2 May 2023Analysis

NRRA: ‘defective’ SB517 / HB57 bills will have devastating impact on RRGs

The National Risk Retention Association (NRRA) has warned that Florida bill SB516 / HB 57 will impact Florida’s risk retention groups (RRG) if it makes it to the desk of Governor Ron DeSantis this week.

In the latest NRRA newsletter NRRA executive director Joe Deems warned that: “This defectively drafted bill is ironically being sponsored by a RRG for construction contractors which already has an AM Best ‘A’ rating with its own capital surplus exceeding $100 million dollars. The Bill seeks to establish the identical criteria of an AM Best “A” rating plus a minimum of $100 million in capital surplus for any companies insuring their commercial autos while competing against the sponsor in the market.”

According to Deems 90-95% of all RRGs in Florida do not have or need such ratings. He said that they are not required by law to possess such ratings or capital surplus, and frankly do not want to have such ratings which are expensive to maintain and will interfere with their ability to conduct their local small businesses.

“This crisis is going to be global. This bill actually creates a monopoly that simultaneously promotes unrestrained discrimination by overzealous regulators, and discourages competition,” Deems continued. “It will drive prices up across the board, increasing even the costs of goods and services. It will be welcomed by agents, brokers and the traditional carriers who will be able eliminate competitors who succeed in keeping costs down.”

The NRRA has been lobbying against the bill, claiming that it is in violation of federal law and that if passed, Florida Bill 516 will have a ‘devastating impact’ on not only trucking and transportation RRGs registered in Florida immediately, but potentially every RRG writing commercial liability, including auto. This could also arguably impact 96% of the RRGs registered in Florida. Hundreds, if not thousands, of RRG owner-member-insureds could lose their coverage. The Bill’s passing may also open the door to other significant potential threats to risk retention groups in other states and for other types of risk retention group entities.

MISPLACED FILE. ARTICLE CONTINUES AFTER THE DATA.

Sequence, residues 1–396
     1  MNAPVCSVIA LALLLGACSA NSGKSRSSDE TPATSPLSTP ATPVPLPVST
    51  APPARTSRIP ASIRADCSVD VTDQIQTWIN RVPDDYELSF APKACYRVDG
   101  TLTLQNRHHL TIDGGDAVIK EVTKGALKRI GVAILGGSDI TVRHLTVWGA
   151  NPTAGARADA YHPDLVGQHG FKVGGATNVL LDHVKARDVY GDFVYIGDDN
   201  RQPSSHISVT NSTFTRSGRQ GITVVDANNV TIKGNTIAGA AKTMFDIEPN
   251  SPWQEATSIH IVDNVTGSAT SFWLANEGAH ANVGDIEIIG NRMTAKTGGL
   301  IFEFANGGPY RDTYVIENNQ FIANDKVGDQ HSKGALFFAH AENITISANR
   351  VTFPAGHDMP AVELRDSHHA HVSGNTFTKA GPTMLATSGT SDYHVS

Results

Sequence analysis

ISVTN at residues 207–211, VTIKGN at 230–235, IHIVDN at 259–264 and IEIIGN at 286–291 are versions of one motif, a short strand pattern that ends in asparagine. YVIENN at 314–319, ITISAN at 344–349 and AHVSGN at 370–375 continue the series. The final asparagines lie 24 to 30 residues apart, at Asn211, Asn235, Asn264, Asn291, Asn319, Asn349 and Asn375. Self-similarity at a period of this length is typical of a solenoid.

Deems concluded: “If Florida can get away with violating the federal law specifically designed to prevent states from interfering with RRGs, and/or by making any financial rating a requirement to do business in their state, it may set a precedent to make other states bolder to do the same thing.  We need to stop this bill before it passes because, if it passes, suing the state will take years and will be too late to help these impacted RRGs.”